Little by Little

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To some people, “environmentally-friendly” car manufacturing means electric cars or ethanol-fueled engines—“big ticket” items. Admittedly, I was one of those people, especially concerning cars. It’s easier to think about the “big” things when it comes to evolving technology—an entire car or an entirely different way to make gasoline. I’d always thought of driving a car as an “all or nothing” decision between convenience and environmental responsibility. I was very impressed, then, how Honda of North America has streamlined their manufacturing processes to take the little steps towards greater energy efficiency, those that are incorporated before they complete a finished product.

Honda changed its process of painting cars by thinking outside the box. Shubho Bhattacharya, senior staff engineer for Honda, featured in a video shown at CE3’s energy workshop in September 2013, created an algorithm for a system that completely changed Honda’s painting processes and has helped Honda to reduce its emissions targets. Bhattacharya’s work has created huge economic and environmental gains for the company.

In the same way that Bhattacharya was able to translate the abstract idea of changing the world into a tangible outcome, every day companies worldwide make small changes to their operations, creating positive impacts for the environment. Often their effect cannot be immediately seen, but their impact can be immediately felt. Oftentimes, impact is noticed in accolades and public recognition.

Honda has continued to gain industry, national and international recognition for their efforts to reduce some of the byproducts associated with their operations. In 2011, Honda achieved its goal of sending zero waste to landfills from its manufacturing operations in North America. In January 2014, the U.S. EPA recognized two of Honda’s Ohio plants with Energy Star Certifications for the eighth year in a row. Energy Star certified companies perform in the top 25 percent of all companies in their industries in energy efficiency.

Not only does Honda efficiently use its energy, it also generates industry-leading solutions to reduce CO2 emissions. The company began 2014 with a new wind turbine farm used in the company’s Russell’s Point Transmission Plant in Logan, Ohio. Honda is now the first major auto manufacturer with a plant that gains the majority of its electricity from on-site wind power. This is just another “small” step for Honda making an impact through its operations and on industry standards.

CE3 engages companies like Honda to build networks of peers to share the ways in which they have incorporated energy or environmental practices into their operations and remained profitable. During CE3’s “Workshop for Efficiency, Emissions and Energy Choices in Ohio” in September 2013, businesses from industries as diverse as paper production to home insulation showed how such small changes can have large impacts on the environment—little by little. Many organizations discussed the steps they believed would yield the best results for their company to while complying with U.S. EPA requirements and maintaining profitability. Here are a few takeaways from the workshop:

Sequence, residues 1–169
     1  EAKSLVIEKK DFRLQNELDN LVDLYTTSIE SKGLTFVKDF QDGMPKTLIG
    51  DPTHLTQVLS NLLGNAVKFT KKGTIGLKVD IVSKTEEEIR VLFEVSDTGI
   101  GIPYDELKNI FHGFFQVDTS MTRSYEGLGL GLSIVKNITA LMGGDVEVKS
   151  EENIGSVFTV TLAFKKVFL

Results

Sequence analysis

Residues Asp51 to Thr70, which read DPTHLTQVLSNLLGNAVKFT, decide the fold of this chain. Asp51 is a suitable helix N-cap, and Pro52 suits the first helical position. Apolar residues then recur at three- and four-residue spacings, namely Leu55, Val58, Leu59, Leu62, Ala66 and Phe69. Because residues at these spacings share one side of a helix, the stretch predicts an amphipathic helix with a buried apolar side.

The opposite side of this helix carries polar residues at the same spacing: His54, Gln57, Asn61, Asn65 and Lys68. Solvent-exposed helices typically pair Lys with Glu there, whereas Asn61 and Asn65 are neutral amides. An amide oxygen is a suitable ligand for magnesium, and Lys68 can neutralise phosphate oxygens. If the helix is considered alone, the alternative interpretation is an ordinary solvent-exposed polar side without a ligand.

• Include everyone’s input. Ask for and incorporate ideas from employees ranging from the CEO to those on the shop floor. Each and every position brings a different perspective and fresh insight to an issue. Communication, cooperation and coordination are key to cutting-edge innovation.
  • Think small steps with a big impact. Gradual changes can still lead to large benefits over time without excessive costs. Each small step represents movement toward the goal of improved energy efficiency for a better environment.
  • Use federal regulations to your advantage. Federal regulations can be an opportunity for the company to set new goals and engage in new projects. Instead of thinking of regulations as restrictions, use them as a chance to be innovative and grow the company’s sustainability message.
  • Share your successes. Forums like CE3’s energy workshops and webinars are a great opportunity to share your progress and exchange ideas with a diverse group of energy efficiency leaders—your peers. Watch for strategies from different industries that can be fine-tuned and applied to your own.

 

Following all those steps may not lead to emissions reductions as big as Honda’s right away, but each small step can make large impacts in bettering the environment. Corporations, groups of people, and individuals can make a collective effort to improve our natural environment. In the words of renowned anthropologist Margaret Meade: “Never doubt that a small group of thoughtful, committed citizens can change the world. Indeed, it’s the only thing that ever has.

By Seaira Christian-Daniels, CE3 Undergraduate Research Scholar

 

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